Glen Campbell dead at 81
The Rhinestone Cowboy singer was diagnosed with Alzheimer's in 2011.
Singer Glen Campbell has died, aged 81.
The Wichita Lineman hitmaker, who released his final album, Adios, earlier this year (17), had been battling Alzheimer's disease for years before his death on Tuesday (08Aug17), and his family admitted him to a hospice last year (16) when he became a danger to himself and others.
Speaking of his battle with the memory robbing condition in June, 2016, his wife Kim confessed the country legend had lost the ability to speak and no longer recognised family members.
"He is content and cheerful...," Kim, his wife of 35 years, told U.S. news show Access Hollywood Live. "He's kinda in his own little world but he sings to himself a lot.
"He has complete aphasia; he doesn't understand language and he can't communicate verbally. But he understands the universal language of love and smiles and kisses and hugs... And he enjoys dessert."
The Rhinestone Cowboy singer was diagnosed with Alzheimer's in 2011 and continued touring until 2014, when he was moved into a long-term care community near his Nashville, Tennessee home.
Campbell's career spanned six decades and he sold over 45 million records.
Born in Billstown, Arkansas, Glen was one of 12 kids in a sharecropping family. He picked up the guitar as a child and became a big fan of jazz musician Django Reinhardt.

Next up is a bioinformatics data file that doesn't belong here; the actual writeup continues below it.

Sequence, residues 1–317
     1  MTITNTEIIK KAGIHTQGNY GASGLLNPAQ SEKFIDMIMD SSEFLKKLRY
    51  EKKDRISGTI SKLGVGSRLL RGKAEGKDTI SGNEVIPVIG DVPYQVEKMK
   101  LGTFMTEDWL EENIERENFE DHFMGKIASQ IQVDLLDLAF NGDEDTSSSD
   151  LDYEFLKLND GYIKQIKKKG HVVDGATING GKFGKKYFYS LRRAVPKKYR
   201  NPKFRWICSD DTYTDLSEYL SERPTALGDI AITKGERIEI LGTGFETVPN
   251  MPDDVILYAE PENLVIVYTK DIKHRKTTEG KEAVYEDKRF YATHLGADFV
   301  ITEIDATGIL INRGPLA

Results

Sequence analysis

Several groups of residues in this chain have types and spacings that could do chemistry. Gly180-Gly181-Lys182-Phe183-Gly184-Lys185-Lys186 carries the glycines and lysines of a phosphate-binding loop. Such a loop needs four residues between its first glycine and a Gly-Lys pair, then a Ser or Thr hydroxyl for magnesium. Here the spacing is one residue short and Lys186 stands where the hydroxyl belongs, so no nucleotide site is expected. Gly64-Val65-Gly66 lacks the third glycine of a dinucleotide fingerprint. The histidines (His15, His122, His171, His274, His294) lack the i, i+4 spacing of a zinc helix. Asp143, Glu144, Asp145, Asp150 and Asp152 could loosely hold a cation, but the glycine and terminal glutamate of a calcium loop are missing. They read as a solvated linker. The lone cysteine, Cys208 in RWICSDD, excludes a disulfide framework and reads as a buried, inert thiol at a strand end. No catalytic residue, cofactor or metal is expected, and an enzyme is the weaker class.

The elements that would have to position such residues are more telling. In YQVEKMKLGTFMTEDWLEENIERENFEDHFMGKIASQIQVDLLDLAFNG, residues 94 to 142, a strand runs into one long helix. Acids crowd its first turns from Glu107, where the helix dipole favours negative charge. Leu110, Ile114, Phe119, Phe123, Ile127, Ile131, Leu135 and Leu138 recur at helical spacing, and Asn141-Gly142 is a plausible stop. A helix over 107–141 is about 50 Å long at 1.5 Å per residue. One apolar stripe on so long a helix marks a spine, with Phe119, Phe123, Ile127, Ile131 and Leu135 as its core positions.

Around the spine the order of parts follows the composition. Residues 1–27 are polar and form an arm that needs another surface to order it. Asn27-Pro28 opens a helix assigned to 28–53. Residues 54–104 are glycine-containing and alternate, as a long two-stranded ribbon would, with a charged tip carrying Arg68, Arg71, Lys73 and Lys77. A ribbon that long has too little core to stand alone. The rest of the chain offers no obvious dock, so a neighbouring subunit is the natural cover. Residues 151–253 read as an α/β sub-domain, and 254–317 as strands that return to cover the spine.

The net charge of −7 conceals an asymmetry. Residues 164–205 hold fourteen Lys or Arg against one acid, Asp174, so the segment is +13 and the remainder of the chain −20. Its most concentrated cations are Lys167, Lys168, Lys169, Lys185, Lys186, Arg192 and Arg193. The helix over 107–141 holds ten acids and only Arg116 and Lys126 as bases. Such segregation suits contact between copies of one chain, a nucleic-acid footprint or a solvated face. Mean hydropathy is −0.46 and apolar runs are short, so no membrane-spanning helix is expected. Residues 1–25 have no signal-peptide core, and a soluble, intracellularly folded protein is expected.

Campbell dropped out of school at the age of 14 and moved to Wyoming to perform with a musician uncle. He moved to Los Angeles and became part of session group the Wrecking Crew, performing on hits like the Byrds' Mr. Tambourine Man, Elvis Presley's Viva Las Vegas, and You've Lost That Lovin' Feeling by the Righteous Brothers.
In 1964, Campbell stood in for Brian Wilson after he suffered a nervous breakdown on tour with the Beach Boys.
He found solo success thanks to encouragement from Wilson with a cover of Buffy Sainte-Marie's Universal Soldier, and scored a massive hit in 1967 with songwriter Jimmy Webb's By the Time I Get to Phoenix.
The two also collaborated on Galveston, Gentle on My Mind, and Wichita Lineman, which was Campbell's first top 10 hit.
In 1968, Campbell guest hosted the Smothers Brothers Comedy Hour and he was such a hit he landed his own variety show, The Glen Campbell Goodtime Hour, which he hosted from 1969 until 1972.
Glen also found fame as a movie star after John Wayne cast him in cowboy classic True Grit.
But his run of good luck ran out in the early 1970s as the hits dried up and his show was cancelled. He bounced back in 1975 with Rhinestone Cowboy, the song that was to become his signature tune.
Campbell, who was married four times, struggled with alcoholism and cocaine addiction throughout the late 1970s and 1980s - and he was arrested in 2003 for a hit-and-run incident. The singer pleaded guilty to leaving the scene of an accident while drunk, and spent 10 days in jail.
Campbell was inducted into the Country Music Hall of Fame in 2005.
© Cover Media
Belfast Telegraph Digital